Withdrawal - Tolerance - Addiction

According to the American Psychiatric Association DSM-IV-TR (2000) a possible withdrawal syndrome beginning 24-48 hours after cessation of use and lasting from 2 to 5 days has been described, with symptoms including sleep disturbances, tremor, irritability, diaphoreses, nausea and fleeting illusion.

Minors often complain of headaches or abdominal cramps after using inhalants. Parents and healthcare personnel can mistake these complaints for symptoms of the flu. Inhalant bingers report that it can take at least one day to recover and they felt physically slow and “stupid” in the sense that their thinking was slow and inaccurate.

Chronic abuse can lead to a tolerance to the substance. This means that the individual must use the substance more frequently and in greater volume to get the desires effect. According to Ives (1997) the potential for addiction as well as psychological dependence is high. Individuals may continue using even though they are aware of physical problems (e.g., liver disease or central and peripheral nervous system damage) or psychological problems (e.g., severe depression caused by use, American Psychiatric Association (DSM-IV-TR, 2000) Chronic abuse often results in diminished social, occupation or recreational activities.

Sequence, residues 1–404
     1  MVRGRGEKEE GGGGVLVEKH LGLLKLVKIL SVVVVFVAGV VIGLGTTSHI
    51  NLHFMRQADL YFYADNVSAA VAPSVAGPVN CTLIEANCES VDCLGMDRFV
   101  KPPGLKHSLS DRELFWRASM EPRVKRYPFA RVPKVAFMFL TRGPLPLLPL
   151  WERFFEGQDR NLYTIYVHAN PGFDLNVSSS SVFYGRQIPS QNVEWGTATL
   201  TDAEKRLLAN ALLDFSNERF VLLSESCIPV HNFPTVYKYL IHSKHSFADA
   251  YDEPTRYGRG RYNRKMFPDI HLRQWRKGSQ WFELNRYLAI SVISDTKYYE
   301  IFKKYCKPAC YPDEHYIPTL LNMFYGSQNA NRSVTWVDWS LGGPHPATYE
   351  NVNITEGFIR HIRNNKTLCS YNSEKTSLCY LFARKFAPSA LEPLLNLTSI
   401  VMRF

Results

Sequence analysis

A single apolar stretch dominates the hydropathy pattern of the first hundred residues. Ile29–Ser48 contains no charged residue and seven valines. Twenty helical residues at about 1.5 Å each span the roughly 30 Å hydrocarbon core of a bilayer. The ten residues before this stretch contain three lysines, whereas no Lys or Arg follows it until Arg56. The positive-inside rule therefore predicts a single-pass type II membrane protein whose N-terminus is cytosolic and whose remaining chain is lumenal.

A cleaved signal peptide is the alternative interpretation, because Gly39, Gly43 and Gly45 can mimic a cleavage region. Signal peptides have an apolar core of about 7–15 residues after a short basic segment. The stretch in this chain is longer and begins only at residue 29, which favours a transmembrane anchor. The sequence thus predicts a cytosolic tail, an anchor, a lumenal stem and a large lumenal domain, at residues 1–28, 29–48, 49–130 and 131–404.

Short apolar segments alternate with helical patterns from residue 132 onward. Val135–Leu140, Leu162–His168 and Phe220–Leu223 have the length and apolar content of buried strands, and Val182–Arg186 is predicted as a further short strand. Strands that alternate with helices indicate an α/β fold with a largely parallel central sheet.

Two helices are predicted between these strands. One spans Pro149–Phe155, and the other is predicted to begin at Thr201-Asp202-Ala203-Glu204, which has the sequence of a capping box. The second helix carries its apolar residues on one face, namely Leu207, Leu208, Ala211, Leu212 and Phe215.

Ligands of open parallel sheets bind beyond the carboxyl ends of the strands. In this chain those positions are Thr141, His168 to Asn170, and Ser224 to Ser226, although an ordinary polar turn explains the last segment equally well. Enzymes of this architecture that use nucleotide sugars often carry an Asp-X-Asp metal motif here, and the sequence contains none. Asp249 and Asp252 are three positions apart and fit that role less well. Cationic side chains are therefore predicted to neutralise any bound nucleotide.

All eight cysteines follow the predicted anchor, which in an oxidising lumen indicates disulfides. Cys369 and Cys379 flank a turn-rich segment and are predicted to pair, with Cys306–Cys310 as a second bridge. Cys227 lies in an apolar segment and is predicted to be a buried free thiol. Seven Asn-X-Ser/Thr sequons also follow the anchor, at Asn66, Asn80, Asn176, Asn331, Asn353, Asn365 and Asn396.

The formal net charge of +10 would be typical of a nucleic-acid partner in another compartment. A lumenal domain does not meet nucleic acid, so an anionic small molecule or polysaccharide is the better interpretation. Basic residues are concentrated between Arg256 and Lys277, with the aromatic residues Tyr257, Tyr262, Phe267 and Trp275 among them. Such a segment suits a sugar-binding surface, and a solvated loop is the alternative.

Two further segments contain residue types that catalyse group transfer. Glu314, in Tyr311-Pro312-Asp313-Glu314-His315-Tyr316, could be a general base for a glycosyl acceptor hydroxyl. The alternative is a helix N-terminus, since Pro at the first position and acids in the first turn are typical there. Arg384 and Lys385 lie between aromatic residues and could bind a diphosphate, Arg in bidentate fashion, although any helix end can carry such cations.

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Slowed and inaccurate thinking may occur following binging on inhalants


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